DRM and Consumer Protection in E-commerce Transactions: A · PDF file CHAPTER 4 –...

Click here to load reader

  • date post

    15-Aug-2020
  • Category

    Documents

  • view

    0
  • download

    0

Embed Size (px)

Transcript of DRM and Consumer Protection in E-commerce Transactions: A · PDF file CHAPTER 4 –...

  • C E

    U eT

    D C

    ol le

    ct io

    n

    DRM and Consumer Protection in E-commerce Transactions: A Comparative Study of

    the EU and the US Legal Framework

    Jana Benčová

    LL.M. SHORT THESIS

    COURSE: Legal Aspects of Internet and Electronic Commerce

    PROFESSOR: Caterina Sganga, LL.M., Ph.D.

    Central European University

    1051 Budapest, Nádor utca 9

    Hungary

    © Central European University March 27, 2015

  • C E

    U eT

    D C

    ol le

    ct io

    n

    i

    Table of Contents

    Introduction .............................................................................................................................. 1

    CHAPTER 1 - Digital Content and Digital Rights Management ........................................ 5

    1.1 Digital Content ............................................................................................................ 5

    1.1.1 Definition of digital content in EU law ................................................................ 5

    1.1.2 Definition of digital content in US law ................................................................. 7

    1.1.3 Comparison of the EU and the US legal approach .............................................. 9

    1.2 Digital Rights Management ....................................................................................... 10

    1.2.1 Definition of DRM and their negative effects ..................................................... 10

    1.3 Copyright law perspective of DRM ........................................................................... 13

    1.3.1 EU copyright perspective ................................................................................... 13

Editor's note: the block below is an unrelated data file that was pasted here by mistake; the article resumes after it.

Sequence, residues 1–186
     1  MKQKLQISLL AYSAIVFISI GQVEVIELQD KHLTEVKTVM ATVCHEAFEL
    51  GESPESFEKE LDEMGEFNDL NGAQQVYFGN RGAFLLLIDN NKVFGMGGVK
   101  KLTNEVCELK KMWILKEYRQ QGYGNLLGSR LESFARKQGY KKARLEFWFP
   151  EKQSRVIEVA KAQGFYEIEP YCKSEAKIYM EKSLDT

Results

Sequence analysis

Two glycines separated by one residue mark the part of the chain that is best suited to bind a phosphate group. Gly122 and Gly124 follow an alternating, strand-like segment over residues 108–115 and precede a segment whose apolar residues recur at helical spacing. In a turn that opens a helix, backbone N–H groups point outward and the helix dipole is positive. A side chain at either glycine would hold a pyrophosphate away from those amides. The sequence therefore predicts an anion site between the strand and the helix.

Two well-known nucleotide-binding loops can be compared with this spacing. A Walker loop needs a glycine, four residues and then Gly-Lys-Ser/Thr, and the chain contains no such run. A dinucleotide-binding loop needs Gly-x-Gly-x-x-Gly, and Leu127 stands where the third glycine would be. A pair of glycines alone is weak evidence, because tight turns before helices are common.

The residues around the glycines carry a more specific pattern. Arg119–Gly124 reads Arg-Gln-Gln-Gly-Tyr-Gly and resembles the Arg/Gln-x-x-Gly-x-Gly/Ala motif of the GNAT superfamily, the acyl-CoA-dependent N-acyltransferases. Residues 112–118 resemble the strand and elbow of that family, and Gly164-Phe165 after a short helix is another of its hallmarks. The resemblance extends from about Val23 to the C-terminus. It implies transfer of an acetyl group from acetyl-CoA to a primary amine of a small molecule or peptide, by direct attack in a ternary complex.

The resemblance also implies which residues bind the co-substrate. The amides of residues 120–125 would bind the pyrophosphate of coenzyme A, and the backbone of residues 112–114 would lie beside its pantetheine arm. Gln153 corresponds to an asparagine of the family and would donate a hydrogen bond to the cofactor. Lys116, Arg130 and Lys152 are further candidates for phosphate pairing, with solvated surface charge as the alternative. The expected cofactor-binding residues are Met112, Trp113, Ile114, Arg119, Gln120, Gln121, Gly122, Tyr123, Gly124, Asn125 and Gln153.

1.3.2 US copyright perspective ................................................................................... 15

    1.3.3 Assessment .......................................................................................................... 16

    CHAPTER 2 - The EU Legal Framework ........................................................................... 18

    2.1 Applicable legal provisions ....................................................................................... 18

    2.2 Information obligation ............................................................................................... 20

    2.2.1 Formal requirements of pre-contractual information ........................................ 21

    2.2.2 Substantive requirements of pre-contractual information ................................. 21

    2.2.3 Confirmation of the contract .............................................................................. 23

    2.2.4 Assessment .......................................................................................................... 23

    2.3 Right of withdrawal ................................................................................................... 24

    2.3.1 Assessment .......................................................................................................... 26

    2.4 Unfair contractual terms ............................................................................................ 27

    2.4.1 Assessment .......................................................................................................... 28

    2.5 Unfair commercial practices ...................................................................................... 30

    2.5.1 Assessment .......................................................................................................... 32

    2.6 Concluding notes on the EU legal framework ........................................................... 33

    CHAPTER 3 - The US Legal Framework ........................................................................... 35

    3.1 Applicable legal provisions ....................................................................................... 35

    3.2 The right to cancel a contract .................................................................................... 36

    3.2.1 Assessment .......................................................................................................... 38

    3.3 Unfair contractual terms and practices ...................................................................... 38

    3.3.1 Doctrine of unconscionability ............................................................................ 39